President Duterte to study EO On Smoking Ban

By on March 8, 2017


Rodrigo Roa Duterte said he needs more time to study the proposed executive order banning smoking nationwide as he eyes to reach a compromise on the designated smoking areas.
 
  (Photo: TOTO LOZANO/Presidential Photo)
Rodrigo Roa Duterte said he needs more time to study the proposed executive order banning smoking nationwide as he eyes to reach a compromise on the designated smoking areas.
 
 (Photo: TOTO LOZANO/Presidential Photo)

MANILA—Rodrigo Roa Duterte said he needs more time to study the proposed executive order banning smoking nationwide as he eyes to reach a compromise on the designated smoking areas.

The President said that he was still weighing expected resistance to the initiative and possible areas for compromise, citing as an example ‎designated smoking areas inside a building.

In a media interview on Tuesday, March 7, at the Rizal Hall of the Malacañan Palace, the President explained that, “there are a lot of dynamics there. So just give me enough time to study.”

The Chief Executive said he was supposed to sign this week the draft executive order submitted by Health Secretary Paulyn Jean B. Rosell-Ubial, who was pushing for the approval of the order.

“I have to be very careful in trying to navigate the way how I can present it to the public,” the President said, noting that the smoking ban in Davao is a different case.

“For example, I’d need the pronouncements, not really the opinion, the pronouncements of our medical sector and they should be also in the forefront of this because they know the benefits of totally banning smoking inside..,” he said.

In the same interview, the President said he had ordered the arrest of the owner of Mighty Corporation who used fake cigarette stamps.

He also confirmed the appointment of former Armed Forces of the Philippines (AFP) Chief of Staff Ricardo Visaya as the new head of the National Irrigation Administration (NIA).

Meanwhile, Duterte said he wants to “strike a happy compromise” between the government and mining industry with a view to “protecting the public interest.”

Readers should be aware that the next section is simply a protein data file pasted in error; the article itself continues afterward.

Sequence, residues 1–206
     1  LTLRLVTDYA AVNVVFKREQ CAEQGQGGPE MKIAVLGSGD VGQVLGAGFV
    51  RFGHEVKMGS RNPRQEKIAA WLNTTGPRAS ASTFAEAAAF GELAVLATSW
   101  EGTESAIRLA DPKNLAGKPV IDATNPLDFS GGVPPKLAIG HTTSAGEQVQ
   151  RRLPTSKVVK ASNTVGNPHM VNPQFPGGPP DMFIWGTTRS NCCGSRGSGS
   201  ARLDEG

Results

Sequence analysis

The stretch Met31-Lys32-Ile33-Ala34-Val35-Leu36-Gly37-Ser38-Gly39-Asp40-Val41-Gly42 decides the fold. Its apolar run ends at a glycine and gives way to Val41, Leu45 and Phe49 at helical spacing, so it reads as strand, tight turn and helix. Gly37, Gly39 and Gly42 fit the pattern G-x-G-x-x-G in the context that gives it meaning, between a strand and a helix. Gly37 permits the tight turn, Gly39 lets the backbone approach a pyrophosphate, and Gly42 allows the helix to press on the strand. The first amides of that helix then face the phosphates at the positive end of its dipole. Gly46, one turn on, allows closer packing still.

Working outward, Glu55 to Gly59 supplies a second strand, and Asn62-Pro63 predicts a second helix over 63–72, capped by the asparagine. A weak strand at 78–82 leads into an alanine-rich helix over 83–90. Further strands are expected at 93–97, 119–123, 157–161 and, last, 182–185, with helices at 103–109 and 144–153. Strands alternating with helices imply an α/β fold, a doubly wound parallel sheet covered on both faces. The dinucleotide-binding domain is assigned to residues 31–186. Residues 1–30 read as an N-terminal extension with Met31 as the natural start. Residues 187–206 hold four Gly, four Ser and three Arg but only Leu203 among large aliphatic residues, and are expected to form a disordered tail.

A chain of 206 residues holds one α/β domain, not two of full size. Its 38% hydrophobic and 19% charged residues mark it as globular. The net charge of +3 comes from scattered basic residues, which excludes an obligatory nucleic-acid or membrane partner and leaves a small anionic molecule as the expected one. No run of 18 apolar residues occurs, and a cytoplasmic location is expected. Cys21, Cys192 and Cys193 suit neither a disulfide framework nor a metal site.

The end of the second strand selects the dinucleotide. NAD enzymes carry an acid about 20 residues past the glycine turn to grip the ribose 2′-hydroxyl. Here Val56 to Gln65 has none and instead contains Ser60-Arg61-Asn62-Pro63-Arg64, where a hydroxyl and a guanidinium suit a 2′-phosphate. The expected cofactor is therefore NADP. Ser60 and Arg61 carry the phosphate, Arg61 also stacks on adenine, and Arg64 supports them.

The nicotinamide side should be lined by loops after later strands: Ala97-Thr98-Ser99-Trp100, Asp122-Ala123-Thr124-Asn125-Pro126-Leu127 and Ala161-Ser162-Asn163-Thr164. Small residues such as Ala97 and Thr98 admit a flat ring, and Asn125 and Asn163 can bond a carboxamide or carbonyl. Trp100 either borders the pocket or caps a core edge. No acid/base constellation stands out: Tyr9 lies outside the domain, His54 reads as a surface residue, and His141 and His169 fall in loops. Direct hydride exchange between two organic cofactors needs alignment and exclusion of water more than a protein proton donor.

He also appealed to lawmakers to allow Environment Secretary Gina Lopez, whose confirmation is pending at the Commission on Appointments, to present her case.

“If you’d listen to Gina present her case… but you have to concede something to (her). Talagang nagtatrabaho, and she has pointed out the so many factors that would eventually affect the environment of Mindanao,” he said.

“We cannot be allowing diggings forever in the every nook and corner of the mountain ranges. It would spell disaster,” he warned.

The President also announced that he had met with Zhong Shan, the Minister of Commerce of the People’s Republic of China, “who brought with him a windfall.”

“He just brought in… one billion dollars, agri products, they’re coming next month and they have scheduled something like 10 billion for the present — o ‘yung ano, 10 billion dollars all-in-all, hopefully coming our way,” he said.

The Chinese government, the President said, has also allotted one million dollars for the rehabilitation of Surigao, which was hit by a 6.7-magnitude earthquake last month.

On another note, the President asked local government officials to timely and effectively use the powers of the local government to restore order in their respective areas.

“In some areas in Mindanao, there’s a near-anarchy in the sense that they just throw grenades there at houses and whatever… So may I just plead to you, for those local officials who are in governance, kindly make use of the powers of government to restore order,” he said.